After the success of Endless Pain, Kreator has made quite a name for themselves in the underground. A short time later, Noise Records sent them back into the studio to record their follow-up. This time, the album was handled by Harris Johns, at Musiclab Studio in Berlin. By April 1986, just six months after the release of their debut L.P., Pleasure To Kill was unleashed upon the world.
The album begins with a calm and serene intro, with the sound of wind blowing and an acoustic guitar playing an uplifting melody. "Choir of the Damned" gives the listener a false sense of security. As the soothing sounds nearly lull you into a trance, they bludgeon you into oblivion.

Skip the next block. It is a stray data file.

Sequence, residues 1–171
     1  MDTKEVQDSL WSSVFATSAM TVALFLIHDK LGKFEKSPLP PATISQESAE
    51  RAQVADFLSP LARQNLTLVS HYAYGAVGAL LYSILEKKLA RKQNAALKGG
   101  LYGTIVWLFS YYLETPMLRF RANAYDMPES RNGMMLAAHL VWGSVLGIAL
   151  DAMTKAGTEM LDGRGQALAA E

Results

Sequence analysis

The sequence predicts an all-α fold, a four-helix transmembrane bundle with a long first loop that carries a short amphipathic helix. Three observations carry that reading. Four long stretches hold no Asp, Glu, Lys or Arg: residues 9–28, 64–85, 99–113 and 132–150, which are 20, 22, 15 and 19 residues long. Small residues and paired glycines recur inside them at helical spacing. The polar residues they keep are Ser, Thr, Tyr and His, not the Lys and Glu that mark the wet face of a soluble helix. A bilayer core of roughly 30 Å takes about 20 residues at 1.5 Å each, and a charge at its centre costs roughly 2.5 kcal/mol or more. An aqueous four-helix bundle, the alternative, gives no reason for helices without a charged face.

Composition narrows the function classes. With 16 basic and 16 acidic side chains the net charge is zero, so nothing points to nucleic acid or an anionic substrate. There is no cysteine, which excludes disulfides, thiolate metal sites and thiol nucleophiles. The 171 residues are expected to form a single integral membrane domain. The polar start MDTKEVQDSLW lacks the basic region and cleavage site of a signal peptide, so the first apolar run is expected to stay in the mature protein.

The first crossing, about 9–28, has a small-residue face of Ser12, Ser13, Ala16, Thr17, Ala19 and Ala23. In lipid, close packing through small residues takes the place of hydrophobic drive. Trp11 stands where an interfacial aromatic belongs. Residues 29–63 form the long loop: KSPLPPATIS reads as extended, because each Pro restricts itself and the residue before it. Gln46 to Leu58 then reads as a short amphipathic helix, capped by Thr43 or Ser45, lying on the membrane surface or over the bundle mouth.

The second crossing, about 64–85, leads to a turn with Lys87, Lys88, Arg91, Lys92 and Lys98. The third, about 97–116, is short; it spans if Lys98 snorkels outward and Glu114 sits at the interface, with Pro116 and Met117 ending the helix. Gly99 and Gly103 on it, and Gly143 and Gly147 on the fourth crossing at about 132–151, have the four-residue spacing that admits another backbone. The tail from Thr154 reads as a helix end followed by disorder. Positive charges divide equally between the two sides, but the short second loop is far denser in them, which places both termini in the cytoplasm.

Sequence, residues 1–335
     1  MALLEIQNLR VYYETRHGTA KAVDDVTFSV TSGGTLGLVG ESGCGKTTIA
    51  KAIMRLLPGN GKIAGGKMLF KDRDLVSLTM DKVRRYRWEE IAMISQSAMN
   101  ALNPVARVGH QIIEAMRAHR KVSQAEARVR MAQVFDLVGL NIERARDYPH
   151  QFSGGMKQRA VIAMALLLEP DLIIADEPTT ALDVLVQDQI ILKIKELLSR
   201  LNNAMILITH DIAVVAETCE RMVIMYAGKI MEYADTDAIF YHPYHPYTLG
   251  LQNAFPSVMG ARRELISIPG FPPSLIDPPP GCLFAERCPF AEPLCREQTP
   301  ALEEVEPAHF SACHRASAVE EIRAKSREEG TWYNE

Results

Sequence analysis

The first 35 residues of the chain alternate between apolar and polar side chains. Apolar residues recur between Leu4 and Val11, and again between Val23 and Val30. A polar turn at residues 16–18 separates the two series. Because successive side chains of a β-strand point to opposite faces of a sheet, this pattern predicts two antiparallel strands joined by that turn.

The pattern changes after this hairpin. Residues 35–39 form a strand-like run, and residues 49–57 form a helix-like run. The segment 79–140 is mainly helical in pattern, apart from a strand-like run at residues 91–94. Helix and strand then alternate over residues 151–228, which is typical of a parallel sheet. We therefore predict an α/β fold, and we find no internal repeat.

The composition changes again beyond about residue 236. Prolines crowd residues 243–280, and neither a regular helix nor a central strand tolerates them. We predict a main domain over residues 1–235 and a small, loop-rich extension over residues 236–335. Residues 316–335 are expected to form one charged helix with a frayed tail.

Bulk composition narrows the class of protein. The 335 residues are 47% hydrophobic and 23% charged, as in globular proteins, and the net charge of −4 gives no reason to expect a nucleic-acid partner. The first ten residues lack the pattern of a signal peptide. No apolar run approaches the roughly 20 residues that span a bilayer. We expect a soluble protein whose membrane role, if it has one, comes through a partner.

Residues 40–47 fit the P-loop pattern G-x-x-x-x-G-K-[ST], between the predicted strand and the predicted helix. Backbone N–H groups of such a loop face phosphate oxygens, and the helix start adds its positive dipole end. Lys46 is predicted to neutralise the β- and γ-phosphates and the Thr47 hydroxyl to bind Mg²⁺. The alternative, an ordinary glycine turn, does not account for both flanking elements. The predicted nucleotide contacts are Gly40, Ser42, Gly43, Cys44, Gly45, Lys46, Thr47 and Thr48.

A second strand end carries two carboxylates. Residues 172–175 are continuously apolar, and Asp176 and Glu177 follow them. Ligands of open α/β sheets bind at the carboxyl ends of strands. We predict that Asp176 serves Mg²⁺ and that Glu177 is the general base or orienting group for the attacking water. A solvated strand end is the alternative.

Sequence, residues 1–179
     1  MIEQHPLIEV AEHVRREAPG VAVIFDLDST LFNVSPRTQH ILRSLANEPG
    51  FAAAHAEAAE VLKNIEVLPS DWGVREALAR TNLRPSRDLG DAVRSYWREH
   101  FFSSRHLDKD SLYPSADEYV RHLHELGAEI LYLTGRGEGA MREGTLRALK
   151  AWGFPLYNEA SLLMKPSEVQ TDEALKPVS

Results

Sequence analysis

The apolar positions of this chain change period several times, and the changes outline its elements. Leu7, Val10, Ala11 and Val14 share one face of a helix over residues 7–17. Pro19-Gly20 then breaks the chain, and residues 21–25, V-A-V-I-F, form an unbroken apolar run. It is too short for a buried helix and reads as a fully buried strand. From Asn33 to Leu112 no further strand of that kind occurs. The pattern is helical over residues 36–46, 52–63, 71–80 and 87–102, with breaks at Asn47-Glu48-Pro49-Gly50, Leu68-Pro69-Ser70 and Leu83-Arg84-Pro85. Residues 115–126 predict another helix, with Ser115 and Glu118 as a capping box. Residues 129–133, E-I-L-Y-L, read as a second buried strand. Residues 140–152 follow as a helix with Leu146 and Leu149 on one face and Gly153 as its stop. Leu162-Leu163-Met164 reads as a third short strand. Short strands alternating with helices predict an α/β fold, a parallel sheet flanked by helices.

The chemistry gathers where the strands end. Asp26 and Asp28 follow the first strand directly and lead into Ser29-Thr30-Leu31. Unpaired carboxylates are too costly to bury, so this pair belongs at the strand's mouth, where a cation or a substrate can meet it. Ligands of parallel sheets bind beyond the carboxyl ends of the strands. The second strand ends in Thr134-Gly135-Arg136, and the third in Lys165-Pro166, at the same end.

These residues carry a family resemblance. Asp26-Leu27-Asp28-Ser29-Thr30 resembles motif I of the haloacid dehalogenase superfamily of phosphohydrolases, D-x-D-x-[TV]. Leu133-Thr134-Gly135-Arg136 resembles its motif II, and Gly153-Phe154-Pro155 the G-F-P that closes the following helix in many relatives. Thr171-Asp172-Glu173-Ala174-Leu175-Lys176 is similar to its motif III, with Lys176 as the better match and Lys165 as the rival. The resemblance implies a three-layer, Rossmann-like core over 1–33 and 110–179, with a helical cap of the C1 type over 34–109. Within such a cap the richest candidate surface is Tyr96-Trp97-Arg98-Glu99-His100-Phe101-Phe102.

"Ripping Corpse" explodes into your ears, burning this calm scenery to ashes. Gone are the traces of NWOBHM influence. This is something far more intense and brutal than Endless Pain. The song moves forward at a hyper pace, with fast tremolo-picks riffs and blasting drums accompanied by the rumbling of the bass and Mille's sinister and demonic vocals. Of course, the lyrics match the violence of the music.
"Await the death by the blade
Run before it's too late
Await the axe in your back
As the ripping corpse attack"
This blistering assault of followed by "Death Is Your Saviour". This opens with a tremolo melody, mixed in with more pure thrash riffs. This is one of the few to feature Ventor on vocals, handling less of the songs here than on the previous album. His style isn't quite as evil sounding as Mille's, and seem a little less suitable for the music. Through pounding drums, shredding guitars and solos that tear your face off, this song is absolutely relentless.